Registered Education Savings Plan
Registered Education Savings Plans or RESPs are a government sponsored savings vehicle which encourages investing in a child’s future through education. They are designed to help families save for their children’s post- secondary education (College, University, Trade School, etc.).
Why should I open an RESP?
- Post-secondary education is becoming more and more expensive. Students are taking on more education-related debt than any previous generation.
- Skyrocketing tuition fees and the prevalence of loan-based financial assistance have pushed student debt to historic levels.
- Most jobs today require some sort of post-secondary education.
Advantages of an RESP:
- Money grows tax-free inside the RESP until it is withdrawn.
- Withdrawals are taxed in your child’s hands, not yours.
- The Government of Canada offers “free money” to help you save through the Canada Education Savings Grant and other government programs.
- The RESP can be invested in a wide variety of investment solutions (mutual funds, stocks, bonds, GICs, etc.).
- Available in Family, Individual and Group plans.
What is the Canada Education Savings Grant?
- The Government of Canada will contribute money to your RESP through CESGs. The government will make a matching grant of 20% for the first.
$2,500 you contribute each year to an RESP.
- The maximum annual grant amount is $500 and the lifetime limit for these grants is $7,200.
- Beneficiaries who are 18 years or older will no longer be eligible to receive grants.
- Depending on your net family income, you could receive an extra 10% or 20% on every dollar of the first $500 contributed each year.
Who can contribute?
- Anyone can open an RESP account for a child – parents, guardians, grandparents, other relatives or friends.
How much can be contributed?
- $50,000 lifetime contribution limit per beneficiary.
- If the $50,000 contribution limit is exceeded, a penalty tax of 1% per month will be levied by the Canada Revenue Agency on the excess amount.
When should I open an RESP?
- The sooner the better! The more time your money is invested the more it can compound and grow.
- You can contribute over a 31-year period and the RESP must be closed out after 36 years.
When my child starts school?
- The beneficiary will be able to receive payments from the RESP to cover any expenses (tuition, living expenses, course materials, etc.) once
they show proof of enrollment in their post-secondary institution.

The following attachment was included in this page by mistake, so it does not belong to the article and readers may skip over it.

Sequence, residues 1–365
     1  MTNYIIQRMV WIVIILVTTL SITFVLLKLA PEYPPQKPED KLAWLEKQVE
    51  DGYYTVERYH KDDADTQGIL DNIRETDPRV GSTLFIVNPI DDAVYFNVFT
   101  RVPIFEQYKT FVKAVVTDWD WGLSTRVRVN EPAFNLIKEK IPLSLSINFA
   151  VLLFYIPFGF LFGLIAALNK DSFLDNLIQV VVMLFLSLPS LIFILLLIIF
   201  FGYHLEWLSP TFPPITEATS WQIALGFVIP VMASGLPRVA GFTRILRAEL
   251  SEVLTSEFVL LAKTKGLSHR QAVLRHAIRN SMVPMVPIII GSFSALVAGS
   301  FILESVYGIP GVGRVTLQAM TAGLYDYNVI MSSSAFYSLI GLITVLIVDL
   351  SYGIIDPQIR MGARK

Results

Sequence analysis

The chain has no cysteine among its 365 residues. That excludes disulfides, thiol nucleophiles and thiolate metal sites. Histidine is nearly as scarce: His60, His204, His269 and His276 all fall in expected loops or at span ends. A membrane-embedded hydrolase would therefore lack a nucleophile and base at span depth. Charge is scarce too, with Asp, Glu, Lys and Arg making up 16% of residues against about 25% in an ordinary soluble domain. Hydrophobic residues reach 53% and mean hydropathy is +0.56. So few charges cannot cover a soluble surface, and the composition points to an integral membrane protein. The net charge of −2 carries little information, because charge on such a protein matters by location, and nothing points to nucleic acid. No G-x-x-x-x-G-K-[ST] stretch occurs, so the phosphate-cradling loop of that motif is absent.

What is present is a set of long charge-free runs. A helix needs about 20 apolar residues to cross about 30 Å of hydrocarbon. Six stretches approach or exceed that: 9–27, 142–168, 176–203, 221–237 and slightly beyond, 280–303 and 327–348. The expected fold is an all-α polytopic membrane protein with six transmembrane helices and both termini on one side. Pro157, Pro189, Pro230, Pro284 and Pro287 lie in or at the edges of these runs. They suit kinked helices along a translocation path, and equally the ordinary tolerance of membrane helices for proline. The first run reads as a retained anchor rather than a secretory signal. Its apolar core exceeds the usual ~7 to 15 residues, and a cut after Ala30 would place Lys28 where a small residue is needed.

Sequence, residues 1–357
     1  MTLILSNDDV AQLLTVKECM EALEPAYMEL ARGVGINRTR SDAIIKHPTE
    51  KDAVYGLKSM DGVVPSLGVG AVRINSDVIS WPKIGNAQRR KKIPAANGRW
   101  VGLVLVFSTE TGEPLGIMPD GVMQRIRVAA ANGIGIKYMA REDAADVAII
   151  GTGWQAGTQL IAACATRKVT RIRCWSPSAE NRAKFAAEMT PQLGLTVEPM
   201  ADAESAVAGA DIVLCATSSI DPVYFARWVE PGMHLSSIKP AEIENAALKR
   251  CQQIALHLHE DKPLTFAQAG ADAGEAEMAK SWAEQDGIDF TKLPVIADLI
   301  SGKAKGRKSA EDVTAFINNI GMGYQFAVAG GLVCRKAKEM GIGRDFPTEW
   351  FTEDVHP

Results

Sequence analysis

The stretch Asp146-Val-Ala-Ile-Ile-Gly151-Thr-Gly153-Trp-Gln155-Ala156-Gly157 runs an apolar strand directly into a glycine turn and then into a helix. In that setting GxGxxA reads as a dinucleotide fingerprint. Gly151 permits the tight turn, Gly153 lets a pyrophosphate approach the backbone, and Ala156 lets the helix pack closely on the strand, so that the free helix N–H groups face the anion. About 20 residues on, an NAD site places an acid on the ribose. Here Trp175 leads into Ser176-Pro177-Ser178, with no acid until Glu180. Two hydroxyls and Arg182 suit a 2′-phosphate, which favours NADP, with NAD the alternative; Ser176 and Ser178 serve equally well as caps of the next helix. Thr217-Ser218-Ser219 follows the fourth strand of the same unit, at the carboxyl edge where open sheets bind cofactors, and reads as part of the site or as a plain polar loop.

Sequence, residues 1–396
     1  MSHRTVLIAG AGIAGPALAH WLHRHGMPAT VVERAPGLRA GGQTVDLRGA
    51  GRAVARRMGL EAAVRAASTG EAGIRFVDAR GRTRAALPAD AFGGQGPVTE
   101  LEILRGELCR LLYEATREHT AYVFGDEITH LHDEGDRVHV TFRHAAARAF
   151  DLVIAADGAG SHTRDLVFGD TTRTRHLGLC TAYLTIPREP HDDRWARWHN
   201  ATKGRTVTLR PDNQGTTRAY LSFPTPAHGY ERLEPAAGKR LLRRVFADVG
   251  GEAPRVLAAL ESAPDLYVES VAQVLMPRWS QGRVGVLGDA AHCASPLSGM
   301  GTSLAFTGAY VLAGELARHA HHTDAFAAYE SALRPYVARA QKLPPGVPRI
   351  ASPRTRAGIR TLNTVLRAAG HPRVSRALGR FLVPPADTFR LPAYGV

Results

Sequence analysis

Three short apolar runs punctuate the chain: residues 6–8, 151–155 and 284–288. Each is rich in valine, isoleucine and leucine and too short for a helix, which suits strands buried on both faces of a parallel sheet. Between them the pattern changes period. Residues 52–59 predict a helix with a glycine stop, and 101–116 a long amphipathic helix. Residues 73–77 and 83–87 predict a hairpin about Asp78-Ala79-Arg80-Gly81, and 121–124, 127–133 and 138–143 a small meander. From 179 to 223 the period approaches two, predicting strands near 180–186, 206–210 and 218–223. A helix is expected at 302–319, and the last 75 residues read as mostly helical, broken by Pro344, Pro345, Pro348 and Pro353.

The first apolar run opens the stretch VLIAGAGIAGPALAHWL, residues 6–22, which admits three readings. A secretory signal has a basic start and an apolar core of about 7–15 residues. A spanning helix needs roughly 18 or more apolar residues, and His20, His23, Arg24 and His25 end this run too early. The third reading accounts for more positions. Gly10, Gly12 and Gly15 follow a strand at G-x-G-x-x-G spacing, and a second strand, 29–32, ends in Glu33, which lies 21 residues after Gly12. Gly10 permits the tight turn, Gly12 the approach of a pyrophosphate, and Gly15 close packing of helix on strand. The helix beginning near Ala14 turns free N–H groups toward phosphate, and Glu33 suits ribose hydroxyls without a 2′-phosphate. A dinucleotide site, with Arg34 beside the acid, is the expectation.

My child does not wish to attend a post-secondary institution.
- An RESP can remain open for 36 years. If the child does not continue with their education immediately after high school the money can still be used later in life to pursue more education.
- If your child does not attend post-secondary school, you can still withdraw your personal contributions tax-free. However, all money gained from government programs or grants must be returned to the Government of Canada. Any growth in the account which is withdrawn by the subscriber will be taxed as income and will be subject to an additional tax penalty of 20%.
- Under certain conditions, if you have another child who will be attending post-secondary school, you can transfer the plan to the sibling and they can use it for their education instead.
- Under certain conditions you may be able to transfer all or part of the RESP into the contributor’s RRSP.
Can I withdraw money from an RESP?
- Any money contributed can be withdrawn by the contributor at any time before the beneficiary starts receiving payments. Once again, your personal contributions can be withdrawn tax-free but you cannot withdraw any government funding. Any growth withdrawn will be taxed as income at the contributor’s marginal tax rate and a 20% penalty tax will also be levied.
Can I get a tax deduction?
- No, RESP contributions are not tax deductible. The primary benefits of an RESP are tax- deferral and government funding through the CESG and other programs.
Speak to a Keybase Advisor to learn how a RESP makes sense for you and your family.